The focus refers to the main idea of the text. One way to determine this main idea is to figure out the purpose of your essay. An essay should do more than give you a grade; for example, it can persuade an audience, argue a point, or inform a reader. The assignment sheet is a great place to look for the purpose of the essay. What is your instructor asking you to do? The topic, length, variety and amount of research, audience, etc., all coincide with what the assignment requires.

 There are times when writers may be asked to take an essay they wrote and turn it into a speech: perhaps they will give a talk at a conference, stand in front of a class for an oral presentation, or be asked to create a YouTube video. The assignment—the task of revising a paper into something that will be performed (read aloud or otherwise “given” live)—does not simply mean using the paper that exists on the computer screen. Altering a paper to a speech challenges the writer to engage with the audience and revise the piece into one that is easy to follow and interesting to listen to.

Design pages to facilitate scanning by using headings, subheadings, columns; learn special page design considerations for the Web.

You can enhance readability by giving some thought to the design of your documents. By using headers, lists, bullets, and other design elements, you can reveal your organization to the reader and emphasize key points. Below are page design guidelines you should consider when writing print or online documents. Your design can underscore your message. Be sure to consider these guidelines in the context of design principles.

Understand the role of revision in the lives of successful writers.

Our fast-paced, consumer-driven society is geared to offer a remarkable number of choices in nanoseconds. If the fast-food chain doesn't deliver lunch within sixty seconds, it's free. With a push of a button, people who live in large metropolitan areas can run through as many as 100 different channels on cable television.

Format describes how we set up everything from the page margins to pictures to the works cited list. Adhering to format guidelines allows our reader to easily follow along with the paper and understand where outside sources were found.

Knowing how to use formatting, whether it is MLA or APA, is a key step in the development of an academic writer. Properly formatting papers ensures that sources are cited and used fairly, that the reader can find the sources easily, and that the paper is taken seriously in academic communities.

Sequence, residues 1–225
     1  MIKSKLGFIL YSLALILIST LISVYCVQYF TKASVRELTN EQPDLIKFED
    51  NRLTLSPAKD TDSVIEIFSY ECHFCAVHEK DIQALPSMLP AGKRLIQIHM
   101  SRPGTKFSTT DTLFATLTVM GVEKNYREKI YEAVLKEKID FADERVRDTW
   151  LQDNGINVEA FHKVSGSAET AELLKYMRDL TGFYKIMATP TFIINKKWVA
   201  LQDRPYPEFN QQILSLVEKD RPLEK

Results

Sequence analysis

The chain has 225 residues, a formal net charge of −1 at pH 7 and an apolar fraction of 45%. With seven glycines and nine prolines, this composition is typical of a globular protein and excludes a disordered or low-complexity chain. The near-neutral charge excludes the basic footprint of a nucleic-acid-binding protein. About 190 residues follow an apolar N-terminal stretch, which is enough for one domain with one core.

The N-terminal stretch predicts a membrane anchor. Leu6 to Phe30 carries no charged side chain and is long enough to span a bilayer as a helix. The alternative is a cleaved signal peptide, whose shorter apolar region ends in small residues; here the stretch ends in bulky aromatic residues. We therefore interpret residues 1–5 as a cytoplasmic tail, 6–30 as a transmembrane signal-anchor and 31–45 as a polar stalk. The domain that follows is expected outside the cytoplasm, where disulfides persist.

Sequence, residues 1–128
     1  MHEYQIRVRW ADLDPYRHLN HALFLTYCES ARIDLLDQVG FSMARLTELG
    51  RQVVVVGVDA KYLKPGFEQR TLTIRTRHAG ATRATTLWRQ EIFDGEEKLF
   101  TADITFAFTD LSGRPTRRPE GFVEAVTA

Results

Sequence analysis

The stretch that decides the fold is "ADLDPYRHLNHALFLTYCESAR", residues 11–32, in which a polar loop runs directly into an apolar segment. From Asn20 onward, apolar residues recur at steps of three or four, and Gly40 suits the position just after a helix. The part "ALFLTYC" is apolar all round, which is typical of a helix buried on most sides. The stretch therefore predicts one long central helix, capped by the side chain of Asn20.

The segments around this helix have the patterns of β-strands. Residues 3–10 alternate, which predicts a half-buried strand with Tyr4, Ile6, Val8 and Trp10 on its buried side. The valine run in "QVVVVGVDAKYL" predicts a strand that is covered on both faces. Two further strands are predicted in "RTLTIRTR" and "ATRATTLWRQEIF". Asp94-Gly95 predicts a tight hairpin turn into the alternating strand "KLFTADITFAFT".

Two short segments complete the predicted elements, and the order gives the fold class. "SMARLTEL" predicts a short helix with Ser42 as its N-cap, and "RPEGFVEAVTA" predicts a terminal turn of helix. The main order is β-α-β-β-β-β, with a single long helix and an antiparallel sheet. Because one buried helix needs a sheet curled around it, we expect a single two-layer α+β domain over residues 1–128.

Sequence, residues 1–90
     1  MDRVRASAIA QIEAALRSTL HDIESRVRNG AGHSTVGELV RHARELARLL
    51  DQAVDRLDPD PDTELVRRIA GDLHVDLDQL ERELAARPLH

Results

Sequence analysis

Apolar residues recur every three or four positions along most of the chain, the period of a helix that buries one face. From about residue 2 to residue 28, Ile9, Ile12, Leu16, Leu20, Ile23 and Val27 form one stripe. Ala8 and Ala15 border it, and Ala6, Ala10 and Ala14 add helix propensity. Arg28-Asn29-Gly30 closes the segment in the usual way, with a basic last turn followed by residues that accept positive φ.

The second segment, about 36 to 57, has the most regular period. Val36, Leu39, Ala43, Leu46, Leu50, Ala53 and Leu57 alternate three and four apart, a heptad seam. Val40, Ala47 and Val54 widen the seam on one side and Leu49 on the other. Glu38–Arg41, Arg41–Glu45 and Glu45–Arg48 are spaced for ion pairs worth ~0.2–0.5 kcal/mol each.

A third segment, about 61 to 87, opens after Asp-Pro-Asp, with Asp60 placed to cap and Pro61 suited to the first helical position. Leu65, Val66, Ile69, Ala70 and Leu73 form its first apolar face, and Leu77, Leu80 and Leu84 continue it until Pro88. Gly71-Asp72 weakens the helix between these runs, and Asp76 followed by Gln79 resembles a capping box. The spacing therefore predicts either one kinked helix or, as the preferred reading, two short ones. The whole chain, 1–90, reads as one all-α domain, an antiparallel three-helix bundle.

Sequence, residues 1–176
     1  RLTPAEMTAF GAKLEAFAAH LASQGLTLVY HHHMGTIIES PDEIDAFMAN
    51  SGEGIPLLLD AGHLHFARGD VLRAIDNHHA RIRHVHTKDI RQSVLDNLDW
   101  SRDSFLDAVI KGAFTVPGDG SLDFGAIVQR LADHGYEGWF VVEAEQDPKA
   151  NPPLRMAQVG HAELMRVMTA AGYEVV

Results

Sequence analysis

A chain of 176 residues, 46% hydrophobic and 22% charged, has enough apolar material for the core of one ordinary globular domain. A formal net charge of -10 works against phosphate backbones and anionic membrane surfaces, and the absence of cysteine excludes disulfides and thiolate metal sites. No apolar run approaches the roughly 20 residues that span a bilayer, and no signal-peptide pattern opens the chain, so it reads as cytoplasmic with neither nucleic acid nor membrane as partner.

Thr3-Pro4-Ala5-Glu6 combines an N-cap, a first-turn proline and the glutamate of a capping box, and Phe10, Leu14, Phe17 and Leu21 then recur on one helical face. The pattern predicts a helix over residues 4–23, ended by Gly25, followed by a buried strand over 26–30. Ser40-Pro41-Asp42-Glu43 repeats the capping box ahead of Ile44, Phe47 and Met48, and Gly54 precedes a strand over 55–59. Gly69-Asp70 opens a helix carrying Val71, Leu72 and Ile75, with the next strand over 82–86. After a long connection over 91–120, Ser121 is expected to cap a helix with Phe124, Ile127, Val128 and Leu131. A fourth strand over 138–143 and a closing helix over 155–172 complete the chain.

Understand the fundamentals of typography, page, and web design; use visual language to convey meaning; use design to assert authority and organize work for readers.

"Design is a fun word. Some people think design means how it looks. But of course, if you dig deeper, it's really how it works."
-Steve Jobs

We live in a culture where images and document design are used aggressively to convey meaning.

Style is not what we write but how we write it. For our purposes, style includes:

  • grammar (the rules that govern standard American English)
  • punctuation
  • point of view
  • syntax (how we arrange our sentences)
  • word choice/vocabulary
  • figurative language (metaphors, narratives, similies, etc.)

In order to be convincing, a writer needs evidence for her claims. Evidence includes traditional sources such as books and journal articles but may also include anecdotes, photographs, web sources and videos. The kinds of evidence that are appropriate in a particular context depend on the writer's purpose.

Academic culture is an evidence-based culture. Good scholarship requires claims supported by facts, theories, and research. Finding the evidence is not enough, though, as it needs to be successfully integrated into texts.

Learn strategies for organizing documents effectively. Learn how readers respond to deductive, inductive, and analytical paragraphs. Make effective transitions and learn how format creates belief.

Your brilliant insights are likely to be overlooked unless you learn to organize your ideas for readers. This section provides advice on structuring and organizing information for readers, regardless of the communication situation you are addressing.

The organization of a paper matters at the level of the whole essay as well as within each paragraph. The organization of sentences matters within paragraphs, as writers choose which sentences to put in what order and how to create a smooth sense of connection between each sentence. But organization also matters between paragraphs, as writers choose when to present their ideas to their readers for the best effect.

The organization of texts is based upon conventions of particular genres. The ways in which texts are organized, are structured, and flow is determined largely by audience expectations.

  • Where is the paper’s title?
  • Choose an original title for the paper
  • Center the title
  • Present the title in plain type
  • Use standard capitalization in the title
  • Use Times New Roman font, 12 pt.
  • Double-space the document throughout
  • Set the margins at 1” on all four sides
  • Indent the first line of each paragraph
  • Remove unnecessary extra space(s) here
  • Where is your conclusion?
  • Reiterate your paper’s thesis in your conclusion
  • Summarize your paper’s main ideas in your conclusion
  • Include fresh ideas in your conclusion